Canadian Mining Inc: Why Canada is the haven of choice for the mining industry

Canadian mining companies do not have a great reputation. 9780889226357Just today the dam holding toxic tailings from an abandoned copper mine broke spilling heavy metal pollutants into local waterways. For the foreseeable future the residents of South Brook, Newfoundland will be on bottled water.

It is not just abandoned or ongoing bitumen, gold or diamond mining in the northern regions of this continent that raise concerns, but also the global effects that these firms exert in places like Guatemala, where indigenous groups have come to Canada to launch legal proceedings against mining companies. But why is Canada a preferred place to locate mining firms that exploit the global south? At least part of it is answered in a new book that explains, first, why so many multinational mining companies headquarter here and, second, how Canadian tax law and its regulatory regime welcomes them without so much as a blink.

Here is the information from the publisher’s website:

Imperial Canada Inc.: Legal haven of choice for the World’s Mining Industries

By Alain Deneault & William Sacher
Translated by Fred A. Reed & Robin Philpot

Co-contributors: Catherine Browne, Mathieu Denis, Patrick Ducharme

Imperial Canada Inc. sets out to ask a simple question: why is Canada home to more than 70% of the world’s mining companies?

Created by the British North America Act of 1867, Canada, rather than turning away from its colonial past, actively embraced, appropriated, and perpetuated the imperial ambitions of its mother country. Two years later, it took possession of Rupert’s Land—all of the land draining into Hudson Bay—and the North West Territories from the Hudson’s Bay Company, 3 million square miles of resources, and set about its nation-building enterprise of extending its Dominion “from sea to sea.”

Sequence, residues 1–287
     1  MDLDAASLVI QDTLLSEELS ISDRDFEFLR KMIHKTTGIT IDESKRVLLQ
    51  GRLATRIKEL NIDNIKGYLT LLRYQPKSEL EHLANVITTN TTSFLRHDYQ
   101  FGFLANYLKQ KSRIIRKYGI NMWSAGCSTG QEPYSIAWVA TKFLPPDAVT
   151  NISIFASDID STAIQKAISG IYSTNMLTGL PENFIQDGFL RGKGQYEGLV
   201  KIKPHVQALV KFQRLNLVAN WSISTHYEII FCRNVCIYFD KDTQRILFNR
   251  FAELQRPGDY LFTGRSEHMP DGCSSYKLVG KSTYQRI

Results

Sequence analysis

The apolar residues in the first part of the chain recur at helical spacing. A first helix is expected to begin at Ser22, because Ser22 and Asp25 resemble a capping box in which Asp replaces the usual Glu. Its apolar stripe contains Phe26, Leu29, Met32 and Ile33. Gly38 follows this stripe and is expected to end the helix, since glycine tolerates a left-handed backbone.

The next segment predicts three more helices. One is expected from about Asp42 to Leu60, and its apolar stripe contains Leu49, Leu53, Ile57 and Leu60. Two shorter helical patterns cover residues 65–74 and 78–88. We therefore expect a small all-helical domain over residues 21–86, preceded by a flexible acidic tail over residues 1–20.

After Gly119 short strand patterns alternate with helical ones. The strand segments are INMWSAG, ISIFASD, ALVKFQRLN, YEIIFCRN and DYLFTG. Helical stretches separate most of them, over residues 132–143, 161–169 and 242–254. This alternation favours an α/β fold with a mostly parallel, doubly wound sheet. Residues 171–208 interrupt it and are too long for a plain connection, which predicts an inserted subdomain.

This Canadian imperial heritage continues to offer the extractive sector worldwide a customized trading environment that: supports speculation, enables capital flows to finance questionable projects abroad, pursues a pro-active diplomacy which successfully promotes this sector to international institutions, opens fiscal pipelines to Caribbean tax havens, provides government subsidies, and most especially, offers a politicized legal haven from any risk of litigious recourse attempted by any community seriously affected by these industries.

Traditionally rooted in Canadian law, the right to reputation effectively supersedes freedom of expression and the public’s right to information. Hence, Canadian “bodies corporate,” i.e., Canadian-based corporations, can sue for “libel” any and all persons or legal entities that quote documents or generate analyses of their corporate practices that they do not approve of. Even foreign academics have become hesitant about presenting their work in Canada for fear of such prosecution.
The authors of Imperial Canada Inc., respected scholars in their fields, meticulously research four factors that contribute to the answer to this question: Quebec’s and Ontario’s mining codes; the history of the Toronto Stock Exchange; Canada’s involvement with Caribbean tax havens; and, finally, Canada’s official role of promoting itself to international institutions governing the world’s mining sector.


  1. […] night I posted about the new book on Canadian mining companies. I hadn’t realized the earlier controversy – 2 years ago – about the […]

  2. […] note: I’ve now finished up reading Imperial Canada Inc. (which I mentioned here before). I highly recommend it if this is a topic of interest. It has its drawbacks, but everything […]

  3. […] second item is more Canada specific. I’ve identified previously the increasing literature that identifies Canada’s unique place in the global mining context. This latest piece is on whether Canada is out of step with the push for more transparency around […]

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